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Limits, Continuity and Calculus in 3D Space

  1. May 22, 2008 #1
    Ok, i am hoping we can (owing to the large amounts of questions in the homework help on stuff like this) create a nice guide for Calculus in 3D including definitions, practise questions and general examples.

    Firstly, i know something i really do not like is Limits.
    My text book gives the definition of:

    "Suppose l is a real number. Then the limit of f(x), as x approaches c, is equal to l if for any number e > 0 there exists a number d >0 such that |f(x) - l | < e whenever 0 < | x - c | < d"

    now, in terms that i can understand ( i hate the way that is all shoved into one sentence there has to be someone who can break it up so that it makes sense!) i have found this definition:

    I tell you how close I need to be, and you can tell me what I have to do to be that close. (from http://www.karlscalculus.org/calc2.html [Broken] )

    ok now. this needs to be related back.

    lim f(x) = L
    x > a

    This is the limit of f(x) as x approaches a. No worries there. Now what is L?
    Last edited by a moderator: May 3, 2017
  2. jcsd
  3. May 23, 2008 #2


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    Thanks for taking the time to write a tutorial.

    Are you asking a question here, or is this part of your tutorial?
  4. May 23, 2008 #3
    its part of the tutorial :) haha.
    I am learning this stuff now, and i thought the best way to understand it myself would be to provide a large thread here where everyone can contribute to it.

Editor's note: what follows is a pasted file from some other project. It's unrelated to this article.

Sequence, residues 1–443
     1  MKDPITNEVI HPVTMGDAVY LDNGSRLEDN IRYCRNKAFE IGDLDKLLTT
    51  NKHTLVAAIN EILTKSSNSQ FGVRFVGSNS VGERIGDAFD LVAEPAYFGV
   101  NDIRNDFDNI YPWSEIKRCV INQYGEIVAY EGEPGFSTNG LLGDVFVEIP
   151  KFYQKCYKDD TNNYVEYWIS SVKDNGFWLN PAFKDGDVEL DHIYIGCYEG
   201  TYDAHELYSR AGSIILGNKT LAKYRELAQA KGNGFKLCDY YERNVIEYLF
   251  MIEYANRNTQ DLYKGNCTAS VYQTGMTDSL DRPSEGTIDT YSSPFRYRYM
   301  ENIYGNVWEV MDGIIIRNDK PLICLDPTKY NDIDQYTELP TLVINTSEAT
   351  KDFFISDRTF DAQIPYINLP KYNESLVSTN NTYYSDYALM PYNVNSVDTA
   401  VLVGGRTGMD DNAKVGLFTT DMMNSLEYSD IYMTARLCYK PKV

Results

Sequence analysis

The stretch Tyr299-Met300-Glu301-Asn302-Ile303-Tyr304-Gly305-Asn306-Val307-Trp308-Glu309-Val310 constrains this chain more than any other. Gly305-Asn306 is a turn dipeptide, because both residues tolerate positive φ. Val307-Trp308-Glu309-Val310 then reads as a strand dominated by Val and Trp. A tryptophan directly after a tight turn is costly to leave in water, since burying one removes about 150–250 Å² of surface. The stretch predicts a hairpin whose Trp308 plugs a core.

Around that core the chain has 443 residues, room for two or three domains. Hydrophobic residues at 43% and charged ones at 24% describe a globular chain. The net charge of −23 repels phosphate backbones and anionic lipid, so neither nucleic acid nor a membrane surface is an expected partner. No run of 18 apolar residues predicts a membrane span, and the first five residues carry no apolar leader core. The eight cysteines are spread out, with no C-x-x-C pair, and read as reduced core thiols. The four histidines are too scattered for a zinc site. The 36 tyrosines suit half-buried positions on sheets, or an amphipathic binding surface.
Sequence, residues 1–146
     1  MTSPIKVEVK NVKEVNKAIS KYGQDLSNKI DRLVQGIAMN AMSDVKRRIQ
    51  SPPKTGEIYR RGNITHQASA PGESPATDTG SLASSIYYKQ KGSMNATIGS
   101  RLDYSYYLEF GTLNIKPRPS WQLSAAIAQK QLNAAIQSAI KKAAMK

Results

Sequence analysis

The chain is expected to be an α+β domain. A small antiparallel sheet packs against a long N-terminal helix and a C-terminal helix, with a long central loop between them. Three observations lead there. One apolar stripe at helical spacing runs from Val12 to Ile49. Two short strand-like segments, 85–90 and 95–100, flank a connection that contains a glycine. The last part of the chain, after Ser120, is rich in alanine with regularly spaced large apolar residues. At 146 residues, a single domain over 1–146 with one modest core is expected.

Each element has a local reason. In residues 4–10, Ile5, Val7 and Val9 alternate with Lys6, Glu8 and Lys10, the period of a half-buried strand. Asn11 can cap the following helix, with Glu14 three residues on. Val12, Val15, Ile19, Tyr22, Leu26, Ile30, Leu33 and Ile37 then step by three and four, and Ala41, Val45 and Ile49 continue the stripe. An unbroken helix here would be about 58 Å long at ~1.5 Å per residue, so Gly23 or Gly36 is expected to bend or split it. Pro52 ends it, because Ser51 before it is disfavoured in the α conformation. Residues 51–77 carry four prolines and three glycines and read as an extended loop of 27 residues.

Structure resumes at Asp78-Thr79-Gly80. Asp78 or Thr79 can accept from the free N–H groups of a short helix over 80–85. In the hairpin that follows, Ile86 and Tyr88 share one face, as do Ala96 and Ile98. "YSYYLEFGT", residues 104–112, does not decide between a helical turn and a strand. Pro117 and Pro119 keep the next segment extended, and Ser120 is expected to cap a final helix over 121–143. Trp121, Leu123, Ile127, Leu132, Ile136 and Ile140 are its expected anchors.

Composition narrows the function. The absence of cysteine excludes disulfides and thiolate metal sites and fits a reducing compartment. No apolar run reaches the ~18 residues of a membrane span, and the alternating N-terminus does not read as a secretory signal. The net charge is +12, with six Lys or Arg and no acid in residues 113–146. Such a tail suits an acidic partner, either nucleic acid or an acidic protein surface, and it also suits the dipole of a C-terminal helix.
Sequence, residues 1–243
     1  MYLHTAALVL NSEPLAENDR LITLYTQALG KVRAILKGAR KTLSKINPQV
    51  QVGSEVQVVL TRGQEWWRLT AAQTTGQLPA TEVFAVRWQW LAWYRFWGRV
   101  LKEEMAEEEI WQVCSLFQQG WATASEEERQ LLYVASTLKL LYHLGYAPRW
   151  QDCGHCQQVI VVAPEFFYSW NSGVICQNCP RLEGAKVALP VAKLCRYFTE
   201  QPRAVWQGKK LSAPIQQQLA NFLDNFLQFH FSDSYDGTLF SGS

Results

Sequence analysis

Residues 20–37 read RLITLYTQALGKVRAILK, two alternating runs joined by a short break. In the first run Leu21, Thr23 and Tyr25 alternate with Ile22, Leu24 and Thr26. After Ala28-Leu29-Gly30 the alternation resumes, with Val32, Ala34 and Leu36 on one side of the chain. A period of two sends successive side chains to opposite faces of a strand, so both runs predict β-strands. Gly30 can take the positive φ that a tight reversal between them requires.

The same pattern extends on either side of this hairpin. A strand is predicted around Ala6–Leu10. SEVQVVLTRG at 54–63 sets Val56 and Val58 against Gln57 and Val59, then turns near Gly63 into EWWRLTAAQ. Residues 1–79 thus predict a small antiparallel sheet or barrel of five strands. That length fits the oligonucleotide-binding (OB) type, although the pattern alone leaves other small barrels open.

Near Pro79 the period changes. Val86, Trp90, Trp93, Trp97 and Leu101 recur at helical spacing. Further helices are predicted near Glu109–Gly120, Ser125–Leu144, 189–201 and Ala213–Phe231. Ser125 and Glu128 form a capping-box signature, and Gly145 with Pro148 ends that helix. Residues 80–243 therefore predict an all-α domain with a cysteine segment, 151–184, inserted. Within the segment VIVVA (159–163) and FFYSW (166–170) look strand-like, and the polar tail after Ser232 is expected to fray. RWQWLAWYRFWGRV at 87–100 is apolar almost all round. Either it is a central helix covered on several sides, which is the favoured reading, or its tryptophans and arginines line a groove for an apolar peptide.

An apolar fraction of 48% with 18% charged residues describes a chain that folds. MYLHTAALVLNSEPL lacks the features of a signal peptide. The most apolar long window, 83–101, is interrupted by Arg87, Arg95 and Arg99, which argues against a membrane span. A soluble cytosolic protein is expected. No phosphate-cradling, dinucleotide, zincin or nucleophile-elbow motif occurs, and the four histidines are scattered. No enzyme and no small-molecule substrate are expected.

so, as i am still learning this myself i am guaranteed to make mistakes, so please fix them up for me ( but remember, keep the jargon to use only where it is needed and necessary)

    The idea of limits is quite annoying and abstract, but when you understand it, it fits perfectly.
    c is a value for which x is approaching (but does not necessarily need to touch as the function may be undefined at c)
    L is the limit of the function (what the function is approaching at the value of x = c)

    (again correct me if i am wrong)

    But functions do not always have a limit. For there to be a limit, the function must approach c from both sides. The function does not have to be defined at c, but either side of it, it must be.

    If the calculated limit from the positive direction is different to the calculated limit from the negative direction then the lim (x -> c) of f(x) does not exist. An example of this is the absolute value graph. |x| at c = 0.
    The calculated limit from the negative direction is -1, and from the positive direction it is 1.
    (can someone help me here with diagrams and equations please)
    therefore lim (x -> 0) |x| does not exist.


    A function is continuous at any point a in its domain if:
    Lim (x -> a) f(x) = f(a)

    that is, the limit you calculate for x tends toward a is equal to the value of simply subbing in x = a into the equation f(x)
  5. May 23, 2008 #4
    Partial Derivatives

    Take a function of 2 variables:
    F(x, y) = 3x^2 + 2xy^3 + 3y^2 + 2xy + 2x + 5y + 10

    The partial derivatives are obtained by fixing one variable at a point for example (x, b) or (a, y) where a,b are the fixed points.
    So, pick one variable and fix it. If you want Fx(x , y) then fix y. If you want Fy (x, y) then fix x. Once u have fixed the value, treat it like any normal constant and derive in terms of x or y.
    Fx(x,y) for the function above is:
    6x + 2y^3 + 2y + 2
    and F y (x,y) is:
    6xy^2 + 6y + 2x + 5

    (its hard to integrate in terms of y cause im so used to doing it in terms of x, but just pretend x is a constant, so any x terms to any power are a constant, and if alone will disappear)

    To calculate the second derivatives just do the same again, but this time there are four second derivatives
    Fxy(x,y), Fyx(x,y), Fxx(x,y), Fyy(x,y)
    where Fxy is the function derived in terms of y and then again in terms of x
    and Fyx is the function derived in terms of x and then agian in terms of y
    and Fxx is the function derived twice in terms of x
    and Fyy is the function derived twice in terms of y
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